9. M Murray

    Of course return on investment is a ridiculous concept in education. That is why no one should complain about having huge student loan debt after college. The lingering debt is worth their education and they should stop complaining.

  10. Mitch Adis

    Is Norwalk being reimbursed for undocumented students?

  11. Steve

    a non apology, apology

  12. Norwalk Lost

    The CFO did nothing wrong and should be commended for stating the facts. NPS is a failing district and all funding should be highly scrutinized. The bloated administrative bureaucracy, unjustifiable high salaries and meager student results should signal the school system can not be trusted to run independently. Time for wholesale changes to say the least.

  13. Tysen Canevari

    Harry has made historic investments in our schools? Thats because his actions are the reasons we have to give them more and more each year! Santuary city!! All you can eat and drink on us taxpayers.

  14. Fran Di Meglio

    When the NPS budget first came out asking for $10M more than last year, NoN ran the story with a pie chart showing the breakdown of the budget: 80% was for salaries and benefits (60+20). (Correct me if I’m wrong). This might be worth a review.

  15. Seriously?

    I don’t attack the district, which still has a good representation of very effective educators and support staff. What I am attacking is the amount of money that this superintendent is spending. Pardon me for beating the dead carcass again, but the number of administrators in the district is at an historic high, and Dr. Estrella isn’t finished hiring them. The size of her superintendent’s cabinet is larger than the cabinets in larger districts — and again at an historic high for Norwalk. And administrators’ salaries have become extremely high. High school principals now make over $200,000 per year, and other principals aren’t far from that. Superintendent’s cabinet members are paid even more. Even high school assistant principals are paid more than the superintendents in some small Connecticut districts. Central office administrators typically make $185,000 and more. All of the aforementioned salaries are exclusive of the cost of benefits.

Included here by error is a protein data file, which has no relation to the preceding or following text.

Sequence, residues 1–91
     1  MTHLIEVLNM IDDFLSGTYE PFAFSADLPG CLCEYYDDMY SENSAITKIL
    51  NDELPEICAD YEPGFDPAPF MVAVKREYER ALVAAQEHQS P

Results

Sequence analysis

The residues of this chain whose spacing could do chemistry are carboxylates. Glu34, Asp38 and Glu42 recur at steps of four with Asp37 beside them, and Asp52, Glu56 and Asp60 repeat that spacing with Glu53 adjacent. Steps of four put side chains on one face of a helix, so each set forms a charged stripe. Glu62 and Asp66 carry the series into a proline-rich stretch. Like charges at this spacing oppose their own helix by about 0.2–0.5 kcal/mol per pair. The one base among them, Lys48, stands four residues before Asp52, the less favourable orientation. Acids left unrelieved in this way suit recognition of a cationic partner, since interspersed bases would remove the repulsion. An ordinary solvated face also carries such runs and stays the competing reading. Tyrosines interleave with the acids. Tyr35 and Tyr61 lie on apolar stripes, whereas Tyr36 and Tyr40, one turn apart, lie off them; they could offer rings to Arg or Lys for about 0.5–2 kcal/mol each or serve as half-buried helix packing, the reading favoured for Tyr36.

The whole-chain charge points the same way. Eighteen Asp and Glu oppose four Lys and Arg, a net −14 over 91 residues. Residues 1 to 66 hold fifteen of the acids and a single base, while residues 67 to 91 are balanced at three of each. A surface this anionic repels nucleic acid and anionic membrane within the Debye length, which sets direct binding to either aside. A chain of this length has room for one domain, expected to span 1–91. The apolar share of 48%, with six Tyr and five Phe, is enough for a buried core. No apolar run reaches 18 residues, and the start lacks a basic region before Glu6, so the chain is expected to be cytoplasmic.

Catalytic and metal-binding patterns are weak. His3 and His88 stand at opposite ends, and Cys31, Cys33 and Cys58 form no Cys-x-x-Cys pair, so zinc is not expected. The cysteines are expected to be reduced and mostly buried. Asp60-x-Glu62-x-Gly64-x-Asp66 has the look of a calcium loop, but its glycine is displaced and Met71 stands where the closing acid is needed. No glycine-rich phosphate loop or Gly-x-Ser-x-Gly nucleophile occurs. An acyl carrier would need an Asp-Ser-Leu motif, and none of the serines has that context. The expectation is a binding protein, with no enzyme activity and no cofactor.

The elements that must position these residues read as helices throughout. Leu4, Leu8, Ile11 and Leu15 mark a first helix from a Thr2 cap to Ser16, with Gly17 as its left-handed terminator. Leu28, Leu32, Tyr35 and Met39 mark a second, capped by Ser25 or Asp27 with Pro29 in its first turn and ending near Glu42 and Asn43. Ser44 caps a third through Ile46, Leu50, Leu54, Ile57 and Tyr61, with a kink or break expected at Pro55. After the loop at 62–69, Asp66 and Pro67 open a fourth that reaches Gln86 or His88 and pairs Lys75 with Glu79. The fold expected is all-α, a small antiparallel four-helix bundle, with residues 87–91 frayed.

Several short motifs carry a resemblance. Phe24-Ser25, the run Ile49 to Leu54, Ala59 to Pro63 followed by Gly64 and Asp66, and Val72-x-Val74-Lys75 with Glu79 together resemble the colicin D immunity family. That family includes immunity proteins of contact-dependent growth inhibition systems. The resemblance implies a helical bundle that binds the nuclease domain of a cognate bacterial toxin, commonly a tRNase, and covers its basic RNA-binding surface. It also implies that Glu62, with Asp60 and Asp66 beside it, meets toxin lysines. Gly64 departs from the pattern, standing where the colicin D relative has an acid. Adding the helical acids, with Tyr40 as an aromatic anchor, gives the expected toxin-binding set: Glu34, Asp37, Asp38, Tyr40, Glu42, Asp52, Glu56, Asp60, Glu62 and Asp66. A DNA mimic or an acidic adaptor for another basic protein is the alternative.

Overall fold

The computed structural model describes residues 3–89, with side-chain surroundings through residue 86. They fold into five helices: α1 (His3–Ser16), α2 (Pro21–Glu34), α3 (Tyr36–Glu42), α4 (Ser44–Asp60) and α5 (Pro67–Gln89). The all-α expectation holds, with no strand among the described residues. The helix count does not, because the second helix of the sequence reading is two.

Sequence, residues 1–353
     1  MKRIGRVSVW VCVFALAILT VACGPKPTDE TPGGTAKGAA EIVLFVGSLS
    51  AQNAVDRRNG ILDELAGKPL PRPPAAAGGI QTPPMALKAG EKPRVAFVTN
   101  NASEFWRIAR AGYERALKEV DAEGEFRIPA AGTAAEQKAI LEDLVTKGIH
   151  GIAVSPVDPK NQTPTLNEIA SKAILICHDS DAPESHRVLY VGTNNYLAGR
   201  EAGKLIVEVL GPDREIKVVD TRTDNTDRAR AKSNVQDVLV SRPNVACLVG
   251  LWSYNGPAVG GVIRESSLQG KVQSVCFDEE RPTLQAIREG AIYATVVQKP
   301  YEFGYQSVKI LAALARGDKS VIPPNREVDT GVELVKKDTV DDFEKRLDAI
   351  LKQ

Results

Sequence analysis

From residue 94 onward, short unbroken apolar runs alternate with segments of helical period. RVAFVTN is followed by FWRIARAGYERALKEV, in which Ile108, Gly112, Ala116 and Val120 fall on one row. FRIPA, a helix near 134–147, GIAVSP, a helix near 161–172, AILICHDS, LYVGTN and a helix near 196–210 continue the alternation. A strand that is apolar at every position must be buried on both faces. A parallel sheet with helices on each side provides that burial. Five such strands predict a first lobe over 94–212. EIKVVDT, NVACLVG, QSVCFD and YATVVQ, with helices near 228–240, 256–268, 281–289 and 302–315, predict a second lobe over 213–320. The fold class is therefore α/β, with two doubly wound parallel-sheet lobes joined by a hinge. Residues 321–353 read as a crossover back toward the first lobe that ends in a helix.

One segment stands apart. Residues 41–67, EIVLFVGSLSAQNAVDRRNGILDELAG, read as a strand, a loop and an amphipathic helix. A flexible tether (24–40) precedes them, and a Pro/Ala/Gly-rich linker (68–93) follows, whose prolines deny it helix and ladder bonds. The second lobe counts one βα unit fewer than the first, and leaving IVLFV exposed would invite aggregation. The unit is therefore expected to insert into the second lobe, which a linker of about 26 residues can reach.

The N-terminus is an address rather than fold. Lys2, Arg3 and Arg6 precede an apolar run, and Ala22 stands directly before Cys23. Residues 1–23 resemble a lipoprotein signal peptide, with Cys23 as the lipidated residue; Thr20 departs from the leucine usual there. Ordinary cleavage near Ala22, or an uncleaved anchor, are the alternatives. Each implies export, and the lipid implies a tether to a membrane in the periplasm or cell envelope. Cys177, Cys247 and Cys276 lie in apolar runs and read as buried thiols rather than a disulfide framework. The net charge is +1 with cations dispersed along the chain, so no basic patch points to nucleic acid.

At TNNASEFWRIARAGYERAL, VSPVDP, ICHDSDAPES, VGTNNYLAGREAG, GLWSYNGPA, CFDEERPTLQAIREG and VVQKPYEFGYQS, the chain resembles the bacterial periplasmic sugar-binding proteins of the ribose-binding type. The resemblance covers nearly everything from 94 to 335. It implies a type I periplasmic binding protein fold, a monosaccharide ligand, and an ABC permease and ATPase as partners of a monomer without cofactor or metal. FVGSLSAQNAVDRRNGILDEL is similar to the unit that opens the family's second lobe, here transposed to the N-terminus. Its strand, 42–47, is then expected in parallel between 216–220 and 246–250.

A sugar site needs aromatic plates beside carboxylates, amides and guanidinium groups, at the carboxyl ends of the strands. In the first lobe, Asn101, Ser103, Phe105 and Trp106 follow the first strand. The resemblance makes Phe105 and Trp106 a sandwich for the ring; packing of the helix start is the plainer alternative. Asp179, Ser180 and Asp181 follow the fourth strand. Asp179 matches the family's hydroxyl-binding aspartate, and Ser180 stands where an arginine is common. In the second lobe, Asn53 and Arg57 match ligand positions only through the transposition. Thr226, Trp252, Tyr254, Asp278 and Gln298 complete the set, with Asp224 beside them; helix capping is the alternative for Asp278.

The amount of money she has spent is obscured by the fact that the conversation has been centering around the operating budget that the board gets from the City of Norwalk, but the expenditures have greatly exceeded the operating budget because of Covid funding, which is in the tens of millions of dollars. Added to that are the various Title grants, e.g., Title I, which also add considerable federal money to the NPS.

    Bottom line: The Covid funds will be going away, and the superintendent wants the City of Norwalk to begin replacing them with City funds. The Covid funds weren’t intended to be a permanent infusion of money, and Norwalk taxpayers in the coming years will be slammed so hard by tax increases that they won’t know what hit them. But there is one other consideration. Once the City gives the school system any increase, it is committed to that increase from that point forward because state law doesn’t allow a reduction in the education budgets. (There are some exceptions, probably none of which would apply to Norwalk.)

    Note regarding the “Numbers” comments above: The test scores for minority students that you reported are from a time before Dr. Estrella’s arrival, when the size of the district administrative staff was far smaller, as were the numbers of non-classroom teachers. In other words, the growth you listed was accomplished with less money. That was done under Dr. Adamowski’s administration. He wasn’t everyone’s favorite person, but he surely accomplished a great deal. Furthermore, he respected the voices of Norwalk parents, especially in their roles in the selection of principals. That has changed significantly in the past two years.

    Finally, if the mayor is thinking of giving the feckless board of education anywhere near the amount of money it is demanding, voters should remember it when his name appears on the ballot again. Likewise, remember the names of the Common Council members who vote in favor of the increase. Looking at the bright side, this may result in the elimination of rule by one political party in Norwalk.